Students’ artwork on display at the Reach Gallery Museum in Abbotsford, BC

For this project, I noticed that the students did not so much dwell on their success as they did on the cause itself. When they invited people in to see their works, they recognized that they were also inviting gallery-goers into discussions about the topic. Many students found immense meaning in this and stated that it helped them understand how art can truly make a difference.

Beyond the Art Room

Over these years of teaching and building the course, I have found that even when students aren’t painting, the conversations around activism and social change continue.

An example of this is a discussion that we had once in class about Indigenous healing villages—low-security prisons where the inmates participate in Indigenous-centered ways of healing, knowing, and being. Non-Indigenous inmates wanted to join these healing villages, and thus the question was posed: Should non-Indigenous people be allowed into healing villages to undergo Indigenous practices of rehabilitation into society?

Given the history of how Indigenous peoples were treated, it would make sense for my students (many of whom are Indigenous) to say that non-Indigenous people should not be given that privilege. However, the response from the whole class was unanimous: everyone should be welcomed into the ways of Indigenous peoples, because their approaches to healing are holistic, addressing the whole life and being of the person who needs healing. That could truly lead to rehabilitation and reintegration into society without reoffending.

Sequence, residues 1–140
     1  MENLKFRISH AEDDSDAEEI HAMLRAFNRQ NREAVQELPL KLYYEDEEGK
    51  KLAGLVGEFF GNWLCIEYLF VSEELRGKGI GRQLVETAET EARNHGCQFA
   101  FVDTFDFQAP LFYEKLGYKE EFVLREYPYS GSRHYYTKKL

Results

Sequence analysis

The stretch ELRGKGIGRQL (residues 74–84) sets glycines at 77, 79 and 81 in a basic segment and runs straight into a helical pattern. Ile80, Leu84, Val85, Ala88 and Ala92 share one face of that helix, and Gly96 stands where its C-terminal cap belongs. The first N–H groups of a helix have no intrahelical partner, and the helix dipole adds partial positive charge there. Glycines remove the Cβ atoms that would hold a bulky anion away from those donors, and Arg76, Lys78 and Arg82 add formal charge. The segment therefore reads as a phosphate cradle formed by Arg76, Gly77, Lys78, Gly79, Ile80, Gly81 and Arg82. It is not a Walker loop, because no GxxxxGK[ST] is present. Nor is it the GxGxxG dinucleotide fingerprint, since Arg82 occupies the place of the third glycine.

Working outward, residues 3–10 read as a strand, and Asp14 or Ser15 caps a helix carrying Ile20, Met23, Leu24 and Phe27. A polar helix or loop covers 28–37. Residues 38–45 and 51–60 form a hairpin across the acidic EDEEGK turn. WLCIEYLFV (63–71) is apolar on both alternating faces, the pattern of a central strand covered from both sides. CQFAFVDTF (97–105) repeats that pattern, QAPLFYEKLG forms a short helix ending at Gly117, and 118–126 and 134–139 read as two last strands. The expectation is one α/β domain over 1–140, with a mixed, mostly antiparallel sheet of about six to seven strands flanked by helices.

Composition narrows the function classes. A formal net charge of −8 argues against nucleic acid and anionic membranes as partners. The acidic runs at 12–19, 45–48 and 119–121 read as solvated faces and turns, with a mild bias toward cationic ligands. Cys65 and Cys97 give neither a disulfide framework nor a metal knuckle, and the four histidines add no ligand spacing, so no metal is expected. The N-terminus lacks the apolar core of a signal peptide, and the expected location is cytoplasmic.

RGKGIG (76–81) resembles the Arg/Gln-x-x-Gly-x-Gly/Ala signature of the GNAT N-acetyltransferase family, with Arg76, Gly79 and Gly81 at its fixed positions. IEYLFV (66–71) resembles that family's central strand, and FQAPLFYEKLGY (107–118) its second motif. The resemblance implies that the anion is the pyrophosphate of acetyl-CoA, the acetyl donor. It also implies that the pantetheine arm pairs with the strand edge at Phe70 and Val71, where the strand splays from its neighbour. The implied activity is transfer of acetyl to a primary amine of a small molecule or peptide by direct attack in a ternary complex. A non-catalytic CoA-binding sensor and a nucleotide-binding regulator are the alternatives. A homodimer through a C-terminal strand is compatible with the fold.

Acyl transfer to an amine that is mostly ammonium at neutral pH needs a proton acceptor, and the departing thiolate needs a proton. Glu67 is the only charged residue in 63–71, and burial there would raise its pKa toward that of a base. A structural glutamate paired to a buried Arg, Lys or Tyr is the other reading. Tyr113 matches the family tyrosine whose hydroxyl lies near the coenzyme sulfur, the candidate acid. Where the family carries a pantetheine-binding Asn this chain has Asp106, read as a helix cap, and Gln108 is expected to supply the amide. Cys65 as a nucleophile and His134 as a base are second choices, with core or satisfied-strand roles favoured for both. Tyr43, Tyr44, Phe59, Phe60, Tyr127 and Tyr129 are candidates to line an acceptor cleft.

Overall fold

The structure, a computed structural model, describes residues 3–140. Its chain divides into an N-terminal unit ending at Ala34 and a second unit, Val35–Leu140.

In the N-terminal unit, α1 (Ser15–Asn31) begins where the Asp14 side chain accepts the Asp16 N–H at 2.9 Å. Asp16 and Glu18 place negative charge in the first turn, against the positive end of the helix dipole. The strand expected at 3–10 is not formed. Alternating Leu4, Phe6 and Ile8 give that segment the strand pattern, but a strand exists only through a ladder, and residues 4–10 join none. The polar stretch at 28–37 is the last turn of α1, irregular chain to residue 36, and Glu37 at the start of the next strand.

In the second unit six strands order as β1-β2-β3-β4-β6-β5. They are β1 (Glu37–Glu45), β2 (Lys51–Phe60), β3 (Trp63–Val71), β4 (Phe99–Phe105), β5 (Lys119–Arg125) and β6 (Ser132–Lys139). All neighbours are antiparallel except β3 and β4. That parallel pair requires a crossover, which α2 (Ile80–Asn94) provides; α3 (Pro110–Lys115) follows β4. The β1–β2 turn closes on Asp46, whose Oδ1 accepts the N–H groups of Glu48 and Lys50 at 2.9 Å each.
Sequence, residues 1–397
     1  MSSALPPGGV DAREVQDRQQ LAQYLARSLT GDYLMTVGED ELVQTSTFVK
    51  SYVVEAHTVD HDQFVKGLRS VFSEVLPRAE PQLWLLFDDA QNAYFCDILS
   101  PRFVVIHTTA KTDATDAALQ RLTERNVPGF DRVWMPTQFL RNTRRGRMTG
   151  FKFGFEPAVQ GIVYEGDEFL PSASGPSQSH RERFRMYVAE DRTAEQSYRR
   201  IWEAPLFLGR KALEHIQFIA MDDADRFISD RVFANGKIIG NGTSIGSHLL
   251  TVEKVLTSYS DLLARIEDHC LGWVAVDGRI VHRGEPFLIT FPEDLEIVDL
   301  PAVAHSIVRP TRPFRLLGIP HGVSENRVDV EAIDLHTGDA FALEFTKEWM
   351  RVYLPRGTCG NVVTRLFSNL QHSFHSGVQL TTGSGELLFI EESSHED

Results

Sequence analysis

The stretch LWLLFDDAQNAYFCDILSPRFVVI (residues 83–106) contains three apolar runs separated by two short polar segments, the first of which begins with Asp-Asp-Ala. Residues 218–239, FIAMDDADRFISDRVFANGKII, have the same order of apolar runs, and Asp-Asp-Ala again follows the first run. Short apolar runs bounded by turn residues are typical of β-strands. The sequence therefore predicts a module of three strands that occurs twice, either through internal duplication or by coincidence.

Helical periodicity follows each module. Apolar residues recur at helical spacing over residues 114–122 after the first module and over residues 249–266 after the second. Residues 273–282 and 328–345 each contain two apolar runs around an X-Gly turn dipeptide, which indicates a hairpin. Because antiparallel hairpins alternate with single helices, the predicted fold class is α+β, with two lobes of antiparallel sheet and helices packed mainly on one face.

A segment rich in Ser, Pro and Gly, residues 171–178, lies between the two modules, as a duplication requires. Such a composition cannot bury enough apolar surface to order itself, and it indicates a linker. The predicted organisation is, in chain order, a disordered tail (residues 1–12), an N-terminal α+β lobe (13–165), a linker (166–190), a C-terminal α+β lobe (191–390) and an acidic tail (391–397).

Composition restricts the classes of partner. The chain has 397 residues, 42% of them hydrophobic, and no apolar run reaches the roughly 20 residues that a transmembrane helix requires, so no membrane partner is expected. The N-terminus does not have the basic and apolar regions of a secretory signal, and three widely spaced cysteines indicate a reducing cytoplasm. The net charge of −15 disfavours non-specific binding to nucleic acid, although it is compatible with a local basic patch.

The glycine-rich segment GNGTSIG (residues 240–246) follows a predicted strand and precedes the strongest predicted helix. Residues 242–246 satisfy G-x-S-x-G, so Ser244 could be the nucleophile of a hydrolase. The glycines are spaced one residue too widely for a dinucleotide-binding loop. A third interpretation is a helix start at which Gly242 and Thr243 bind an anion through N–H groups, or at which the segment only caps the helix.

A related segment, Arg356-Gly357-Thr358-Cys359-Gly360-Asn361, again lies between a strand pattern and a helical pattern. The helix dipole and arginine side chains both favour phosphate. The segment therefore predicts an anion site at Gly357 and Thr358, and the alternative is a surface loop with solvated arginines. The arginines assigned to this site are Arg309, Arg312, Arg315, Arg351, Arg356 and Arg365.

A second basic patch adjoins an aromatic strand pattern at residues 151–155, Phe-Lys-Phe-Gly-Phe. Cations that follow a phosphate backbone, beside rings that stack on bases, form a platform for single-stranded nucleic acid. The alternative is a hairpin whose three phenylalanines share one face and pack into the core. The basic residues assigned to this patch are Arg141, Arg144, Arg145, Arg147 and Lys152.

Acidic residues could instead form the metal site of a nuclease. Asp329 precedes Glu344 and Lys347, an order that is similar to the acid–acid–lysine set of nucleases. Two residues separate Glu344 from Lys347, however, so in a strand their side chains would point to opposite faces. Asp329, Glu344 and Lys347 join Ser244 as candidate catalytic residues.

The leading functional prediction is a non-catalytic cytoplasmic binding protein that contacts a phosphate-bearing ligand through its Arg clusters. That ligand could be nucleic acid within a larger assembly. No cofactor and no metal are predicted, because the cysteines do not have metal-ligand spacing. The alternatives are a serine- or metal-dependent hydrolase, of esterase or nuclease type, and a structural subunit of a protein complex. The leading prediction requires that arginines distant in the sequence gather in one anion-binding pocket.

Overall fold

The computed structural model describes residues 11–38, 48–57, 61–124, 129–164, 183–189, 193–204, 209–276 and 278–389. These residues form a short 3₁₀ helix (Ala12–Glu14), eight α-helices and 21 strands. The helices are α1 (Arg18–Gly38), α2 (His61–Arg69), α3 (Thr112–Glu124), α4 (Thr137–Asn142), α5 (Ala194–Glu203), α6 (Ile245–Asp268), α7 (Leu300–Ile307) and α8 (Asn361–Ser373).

Student after student reiterated the importance of exposing non-Indigenous people to an Indigenous way of being and healing, to promote the health and goodness of Indigenous approaches to wrongdoing. This welcoming and inclusive attitude was brought on by students having previously done the hard work of addressing their own biases.

In a world where people are increasingly divided and polarized against each other, it takes intensive inner work to address bias and be willing to change perspective and think in a truly inclusive way. In teaching and engaging in these discussions with students, I, too, have to constantly address my own ways of thinking and being. I learn from them constantly.

At the end of the day, Art Activism allows students to tangibly see how their creativity, thought, and hard work not only gets their artworks in a gallery, but also inspires discussion about important topics. It’s my hope that this sense of purpose is only the beginning: if students feel as though they are making a difference beyond classroom walls just from taking one course, then they will feel empowered to continue to advocate for others and for change—whether that be via art or otherwise.

Nikita Griffioen currently teaches in Abbotsford, BC. When she’s not in class, you can find her traveling, snowboarding, surfing, reading, or making art.

Read more about Nikita’s work with Art Activism here: